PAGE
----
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ORIGINAL ARTICLE
Year : 2019  |  Volume : 8  |  Issue : 5  |  Page : 1653-1657

Comparing serum lead level in drug abuse pregnant women with non-addicted pregnant mothers referring to Shiraz university hospitals in 2017-2018


1 Department of Family Medicine and Pediatric Medicine, Neonatology Research Center, Shiraz University of Medical Sciences, Shiraz, Iran
2 Department of Family Medicine, Student Research Committee, Shiraz University of Medical Sciences, Shiraz, Iran
3 Department of Family Medicine, Shiraz University of Medical Sciences, Shiraz, Iran

Correspondence Address:
Dr. Hourvash Haghighinejad
Department of Family Medicine, Shiraz University of Medical Sciences, Shiraz
Iran
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Source of Support: None, Conflict of Interest: None


DOI: 10.4103/jfmpc.jfmpc_36_19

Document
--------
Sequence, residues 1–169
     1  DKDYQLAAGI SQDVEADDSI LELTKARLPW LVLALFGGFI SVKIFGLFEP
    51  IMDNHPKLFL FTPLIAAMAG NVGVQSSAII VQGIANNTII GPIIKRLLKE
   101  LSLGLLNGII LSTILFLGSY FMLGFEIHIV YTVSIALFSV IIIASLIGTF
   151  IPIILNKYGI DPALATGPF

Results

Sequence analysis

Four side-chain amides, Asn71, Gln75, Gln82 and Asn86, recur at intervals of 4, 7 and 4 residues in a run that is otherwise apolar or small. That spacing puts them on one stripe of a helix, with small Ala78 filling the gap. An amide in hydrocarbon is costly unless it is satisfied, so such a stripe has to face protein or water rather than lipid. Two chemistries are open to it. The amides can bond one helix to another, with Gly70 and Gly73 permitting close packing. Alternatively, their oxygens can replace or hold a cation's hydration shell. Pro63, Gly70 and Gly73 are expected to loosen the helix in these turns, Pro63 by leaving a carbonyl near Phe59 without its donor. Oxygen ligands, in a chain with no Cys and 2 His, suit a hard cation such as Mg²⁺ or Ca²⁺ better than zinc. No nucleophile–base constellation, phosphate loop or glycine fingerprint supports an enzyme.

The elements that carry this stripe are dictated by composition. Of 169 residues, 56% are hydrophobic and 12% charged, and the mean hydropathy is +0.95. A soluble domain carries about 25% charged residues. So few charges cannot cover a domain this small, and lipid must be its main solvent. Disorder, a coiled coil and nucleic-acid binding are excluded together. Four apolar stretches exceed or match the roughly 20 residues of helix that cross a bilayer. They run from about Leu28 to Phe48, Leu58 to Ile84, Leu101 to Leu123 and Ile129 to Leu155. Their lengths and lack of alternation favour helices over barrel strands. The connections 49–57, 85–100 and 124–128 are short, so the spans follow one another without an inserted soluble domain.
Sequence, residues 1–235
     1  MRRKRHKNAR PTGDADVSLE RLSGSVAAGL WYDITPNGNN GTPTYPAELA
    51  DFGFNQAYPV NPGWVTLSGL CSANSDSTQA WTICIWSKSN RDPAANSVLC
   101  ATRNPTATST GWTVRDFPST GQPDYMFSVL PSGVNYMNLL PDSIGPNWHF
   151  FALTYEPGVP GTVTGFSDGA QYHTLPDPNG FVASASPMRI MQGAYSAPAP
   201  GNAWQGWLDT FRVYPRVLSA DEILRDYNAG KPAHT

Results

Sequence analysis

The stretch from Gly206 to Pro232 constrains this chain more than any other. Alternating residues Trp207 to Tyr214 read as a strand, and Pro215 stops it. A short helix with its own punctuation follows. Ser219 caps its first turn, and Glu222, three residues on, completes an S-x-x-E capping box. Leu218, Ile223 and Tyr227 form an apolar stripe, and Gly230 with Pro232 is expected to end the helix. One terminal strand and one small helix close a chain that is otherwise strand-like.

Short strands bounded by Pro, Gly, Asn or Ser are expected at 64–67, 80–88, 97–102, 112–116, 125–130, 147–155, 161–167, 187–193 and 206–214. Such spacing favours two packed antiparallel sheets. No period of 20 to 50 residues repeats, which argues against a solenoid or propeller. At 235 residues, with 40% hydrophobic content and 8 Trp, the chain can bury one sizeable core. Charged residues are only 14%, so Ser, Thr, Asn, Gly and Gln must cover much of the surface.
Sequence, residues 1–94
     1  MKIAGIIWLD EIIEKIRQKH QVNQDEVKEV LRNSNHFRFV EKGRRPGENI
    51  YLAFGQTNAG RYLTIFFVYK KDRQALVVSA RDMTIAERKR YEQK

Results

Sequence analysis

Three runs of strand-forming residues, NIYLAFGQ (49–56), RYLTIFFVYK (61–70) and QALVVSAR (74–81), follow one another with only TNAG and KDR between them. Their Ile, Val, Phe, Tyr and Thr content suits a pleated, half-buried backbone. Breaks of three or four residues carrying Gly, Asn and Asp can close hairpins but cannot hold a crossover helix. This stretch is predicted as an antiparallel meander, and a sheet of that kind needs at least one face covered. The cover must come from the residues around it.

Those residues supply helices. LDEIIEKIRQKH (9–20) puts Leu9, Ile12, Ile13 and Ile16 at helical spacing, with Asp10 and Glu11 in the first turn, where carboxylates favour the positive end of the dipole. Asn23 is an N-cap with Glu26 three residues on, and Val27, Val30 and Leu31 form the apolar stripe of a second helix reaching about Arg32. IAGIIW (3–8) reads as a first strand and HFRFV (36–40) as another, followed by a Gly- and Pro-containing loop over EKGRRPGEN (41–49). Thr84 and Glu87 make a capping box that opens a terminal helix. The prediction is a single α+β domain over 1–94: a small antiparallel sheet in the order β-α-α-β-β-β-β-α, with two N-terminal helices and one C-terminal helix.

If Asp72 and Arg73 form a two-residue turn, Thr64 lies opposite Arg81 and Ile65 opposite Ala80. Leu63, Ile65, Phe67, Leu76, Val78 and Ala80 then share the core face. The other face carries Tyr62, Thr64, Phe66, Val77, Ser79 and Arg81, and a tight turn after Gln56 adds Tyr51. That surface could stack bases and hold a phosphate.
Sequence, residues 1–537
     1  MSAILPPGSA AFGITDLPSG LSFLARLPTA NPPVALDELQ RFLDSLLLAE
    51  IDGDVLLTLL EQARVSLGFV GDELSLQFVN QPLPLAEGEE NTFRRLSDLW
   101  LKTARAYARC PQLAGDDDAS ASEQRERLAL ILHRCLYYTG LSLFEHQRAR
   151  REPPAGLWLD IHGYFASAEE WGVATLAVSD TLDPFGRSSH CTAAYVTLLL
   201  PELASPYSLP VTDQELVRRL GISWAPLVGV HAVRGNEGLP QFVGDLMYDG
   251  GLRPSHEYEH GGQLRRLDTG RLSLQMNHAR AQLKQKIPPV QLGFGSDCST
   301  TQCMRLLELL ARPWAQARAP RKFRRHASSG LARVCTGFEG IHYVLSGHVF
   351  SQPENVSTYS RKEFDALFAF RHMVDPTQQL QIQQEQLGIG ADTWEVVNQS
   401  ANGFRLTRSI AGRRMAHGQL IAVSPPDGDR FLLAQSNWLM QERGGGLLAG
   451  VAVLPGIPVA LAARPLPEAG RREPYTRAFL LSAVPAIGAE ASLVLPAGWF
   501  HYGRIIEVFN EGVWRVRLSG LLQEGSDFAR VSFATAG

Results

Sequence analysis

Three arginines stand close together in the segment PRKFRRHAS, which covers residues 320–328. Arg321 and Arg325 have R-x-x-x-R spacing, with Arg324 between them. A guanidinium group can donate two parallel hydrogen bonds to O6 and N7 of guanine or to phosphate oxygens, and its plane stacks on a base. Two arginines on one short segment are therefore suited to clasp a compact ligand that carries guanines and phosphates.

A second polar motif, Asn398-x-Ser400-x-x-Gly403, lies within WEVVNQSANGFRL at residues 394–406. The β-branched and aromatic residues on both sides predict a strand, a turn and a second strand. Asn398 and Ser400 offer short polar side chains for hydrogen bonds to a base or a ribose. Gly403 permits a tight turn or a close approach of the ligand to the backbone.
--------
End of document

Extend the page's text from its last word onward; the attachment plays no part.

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Introduction: In recent decades, there are multiple reports of lead poisoning in drug abusers in Iran and other Middle East countries. The lead in the mother's blood can cause many dangerous, harmful effects on the mother and the fetus. Therefore, in this study, we evaluated the blood lead level (BLL) in pregnant women who were an illegal drug user and compared it with pregnant women who did not use these agents. Method: A cross-sectional study was conducted among 60 pregnant women referred to Shiraz Hazrat Zinab and Hafez Hospitals. All pregnant women with a history of any drug abuse were sampled. Two pregnant women without any history of drug abuse were sampled for each pregnant mother with a history of drug abuse on the same day. To check BLL, 5 cc blood sample of all participants sent to a reference laboratory. BLLs have been assessed by atomic absorption spectrophotometry with GBC Avanta, and all reports were confirmed by a specific pathologist. The data were completed with maternal demographic information and infants' anthropometric indices. Data analysis was performed using SPSS software version 24, and the significance was 0.05. Results: There was a significant difference in BLL among pregnant women with and without drug abuse history (9.91 ± 26.2 and 2.95 ± 0.7, respectively) (P-value: 0.001). The prevalence of lead levels of more than 5 μg/dl in mothers with and without substance abuse was 20% and 7.5%, respectively. Anthropometric indices, Apgar score, and gestational age in the mothers with a history of drug abuse were significantly lower than the control group (a significant level less than 0.05). Conclusion: The level of lead in pregnant women taking illegal drugs is higher than that of the control group who do not have a history of illegal drug abuse. On the other hand, it is likely that increased serum levels of lead with fetal complications and maternal health threats childbirth and clinical outcomes during childbirth.


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